Energy efficiency first! This is the motto of the German Ministry for Economic Affairs and Energy, having shown in recent years that strong, sustainable economic growth is possible while focussing on energy efficiency and transitioning from traditional energy supply to renewable sources.
The Green Paper sets out key questions and assumptions regarding the major challenges and possible action to reduce energy consumption in the long term.
Federal Minister Gabriel said:
“In the context of the National Action Plan on Energy Efficiency (NAPE), we have earmarked a total of 17 billion euros for the period 2016-2020 for programmes to improve energy efficiency, thus highlighting for the first time the central role that energy efficiency deserves.”
“This is a great success. However, in order to achieve the targets of the energy transition by 2050, we must continue to make use of every opportunity to enhance energy efficiency. We do not need to produce, store, transmit and pay for the energy that we save. This is why the Green Paper on Energy Efficiency raises the key question of how we can lastingly increase prosperity and at the same time reduce the energy consumption needed for this.”
The Green Paper is the beginning of a consultation process with the aim of a medium-term to long-term strategy for the reduction of energy consumption in Germany.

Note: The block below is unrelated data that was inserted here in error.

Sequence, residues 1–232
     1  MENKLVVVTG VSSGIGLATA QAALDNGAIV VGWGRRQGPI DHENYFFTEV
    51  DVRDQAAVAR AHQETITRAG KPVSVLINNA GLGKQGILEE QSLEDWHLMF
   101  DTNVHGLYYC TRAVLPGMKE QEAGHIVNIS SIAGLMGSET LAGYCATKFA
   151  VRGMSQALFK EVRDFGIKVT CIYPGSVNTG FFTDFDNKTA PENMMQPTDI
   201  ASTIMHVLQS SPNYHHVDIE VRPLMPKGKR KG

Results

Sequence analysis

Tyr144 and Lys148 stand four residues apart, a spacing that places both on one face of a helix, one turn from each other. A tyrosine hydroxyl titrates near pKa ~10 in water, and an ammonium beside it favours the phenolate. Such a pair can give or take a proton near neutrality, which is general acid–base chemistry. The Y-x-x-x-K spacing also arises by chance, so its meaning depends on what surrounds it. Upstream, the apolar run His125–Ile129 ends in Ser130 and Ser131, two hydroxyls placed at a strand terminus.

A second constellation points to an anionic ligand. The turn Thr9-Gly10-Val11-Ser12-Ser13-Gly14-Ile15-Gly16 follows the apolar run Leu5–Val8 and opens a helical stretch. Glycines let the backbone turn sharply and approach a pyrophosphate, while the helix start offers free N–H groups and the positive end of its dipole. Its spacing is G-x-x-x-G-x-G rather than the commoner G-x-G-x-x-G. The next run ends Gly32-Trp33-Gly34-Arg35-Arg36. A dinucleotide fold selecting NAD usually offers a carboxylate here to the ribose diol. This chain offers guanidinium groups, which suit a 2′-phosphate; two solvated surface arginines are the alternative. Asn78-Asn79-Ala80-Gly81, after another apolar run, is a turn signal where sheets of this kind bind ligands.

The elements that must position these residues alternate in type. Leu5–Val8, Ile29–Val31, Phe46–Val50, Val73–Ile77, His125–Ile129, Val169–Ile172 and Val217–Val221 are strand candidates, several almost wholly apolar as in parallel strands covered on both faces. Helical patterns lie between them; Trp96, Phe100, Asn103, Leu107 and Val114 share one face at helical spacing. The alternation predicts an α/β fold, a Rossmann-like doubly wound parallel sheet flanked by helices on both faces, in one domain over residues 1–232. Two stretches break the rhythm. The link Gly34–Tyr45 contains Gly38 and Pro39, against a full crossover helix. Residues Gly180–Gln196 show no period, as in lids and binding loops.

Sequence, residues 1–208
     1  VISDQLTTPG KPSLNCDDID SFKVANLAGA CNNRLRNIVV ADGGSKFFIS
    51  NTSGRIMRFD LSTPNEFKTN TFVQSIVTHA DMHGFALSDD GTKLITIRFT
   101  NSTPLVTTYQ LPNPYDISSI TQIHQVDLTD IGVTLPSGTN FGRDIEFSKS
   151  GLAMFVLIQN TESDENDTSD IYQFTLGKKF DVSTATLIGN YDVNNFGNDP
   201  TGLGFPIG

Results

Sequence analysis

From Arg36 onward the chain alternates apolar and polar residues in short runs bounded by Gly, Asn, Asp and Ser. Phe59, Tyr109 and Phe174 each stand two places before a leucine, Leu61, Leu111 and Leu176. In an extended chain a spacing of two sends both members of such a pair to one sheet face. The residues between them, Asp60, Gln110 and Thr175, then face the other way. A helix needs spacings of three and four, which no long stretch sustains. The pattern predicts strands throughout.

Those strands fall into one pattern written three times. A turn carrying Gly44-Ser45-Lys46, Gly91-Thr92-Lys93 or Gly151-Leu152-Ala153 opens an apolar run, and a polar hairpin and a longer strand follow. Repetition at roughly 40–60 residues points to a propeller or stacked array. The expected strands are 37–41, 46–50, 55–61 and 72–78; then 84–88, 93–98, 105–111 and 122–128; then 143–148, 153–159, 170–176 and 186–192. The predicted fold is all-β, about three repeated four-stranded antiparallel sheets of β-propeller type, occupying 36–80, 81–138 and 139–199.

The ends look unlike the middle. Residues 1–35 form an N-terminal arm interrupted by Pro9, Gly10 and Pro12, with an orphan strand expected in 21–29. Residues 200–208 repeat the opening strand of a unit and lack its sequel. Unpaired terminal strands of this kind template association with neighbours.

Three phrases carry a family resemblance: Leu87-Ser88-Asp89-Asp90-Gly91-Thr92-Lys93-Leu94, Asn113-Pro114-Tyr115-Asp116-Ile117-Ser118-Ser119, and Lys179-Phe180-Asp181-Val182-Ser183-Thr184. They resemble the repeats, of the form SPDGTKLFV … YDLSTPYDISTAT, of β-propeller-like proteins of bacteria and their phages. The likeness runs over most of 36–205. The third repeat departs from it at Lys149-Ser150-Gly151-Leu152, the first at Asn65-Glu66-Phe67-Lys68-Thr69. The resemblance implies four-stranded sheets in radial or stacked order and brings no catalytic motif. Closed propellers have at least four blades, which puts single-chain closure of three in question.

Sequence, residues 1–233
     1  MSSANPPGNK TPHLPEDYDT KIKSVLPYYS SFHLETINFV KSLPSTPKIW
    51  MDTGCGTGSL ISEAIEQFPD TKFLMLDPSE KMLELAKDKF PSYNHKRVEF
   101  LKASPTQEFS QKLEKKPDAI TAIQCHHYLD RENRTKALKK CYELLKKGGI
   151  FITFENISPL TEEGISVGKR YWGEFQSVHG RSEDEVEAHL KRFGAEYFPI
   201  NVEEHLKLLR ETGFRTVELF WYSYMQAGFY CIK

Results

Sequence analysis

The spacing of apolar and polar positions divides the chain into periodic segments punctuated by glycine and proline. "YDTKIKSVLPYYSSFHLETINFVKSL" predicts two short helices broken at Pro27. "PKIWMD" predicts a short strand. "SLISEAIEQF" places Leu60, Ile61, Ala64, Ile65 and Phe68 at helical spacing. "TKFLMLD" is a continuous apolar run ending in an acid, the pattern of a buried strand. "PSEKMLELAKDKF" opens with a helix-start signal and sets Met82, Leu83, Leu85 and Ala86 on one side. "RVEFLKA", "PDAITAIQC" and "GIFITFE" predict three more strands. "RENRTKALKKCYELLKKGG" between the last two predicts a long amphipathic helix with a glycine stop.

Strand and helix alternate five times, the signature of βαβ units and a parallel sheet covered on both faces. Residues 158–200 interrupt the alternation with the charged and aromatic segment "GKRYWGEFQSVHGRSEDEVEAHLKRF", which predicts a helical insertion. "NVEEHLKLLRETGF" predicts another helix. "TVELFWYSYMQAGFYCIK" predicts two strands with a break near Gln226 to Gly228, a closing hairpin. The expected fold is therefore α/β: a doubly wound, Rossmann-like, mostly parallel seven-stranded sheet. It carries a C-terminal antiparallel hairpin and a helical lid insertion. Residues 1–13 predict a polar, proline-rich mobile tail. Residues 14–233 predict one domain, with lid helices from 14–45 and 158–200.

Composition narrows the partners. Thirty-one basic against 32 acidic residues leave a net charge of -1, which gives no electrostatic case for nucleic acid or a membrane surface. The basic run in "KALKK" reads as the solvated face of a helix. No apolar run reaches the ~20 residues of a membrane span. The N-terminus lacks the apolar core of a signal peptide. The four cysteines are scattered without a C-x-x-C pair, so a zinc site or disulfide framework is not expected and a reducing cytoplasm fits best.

The key questions and assumptions set out in the Green Paper serve to focus the dialogue on the major aspects in five fields of action:
- Efficiency First,
- further development of the instruments,
- European energy efficiency policies,
- sector coupling,
- and digitisation.
The consultation process consists of the following elements:
- Online consultation: all interested citizens and all stakeholders have the opportunity to submit their comments on the Ministry’s Green Paper [by 31 October 2016];
- Energy Transition ‘Energy Efficiency’ Platform: discussion of the Green Paper with the participants of the Energy Transition ‘Energy Efficiency’ and ‘Building’ Platforms;
- Regional events on the Green Paper; more information will follow.
Photo credit: “www.colourbox.com”. Material used in the preparation of this article has been drawn from The German Ministry for Economic Affairs and Energy (BMWI).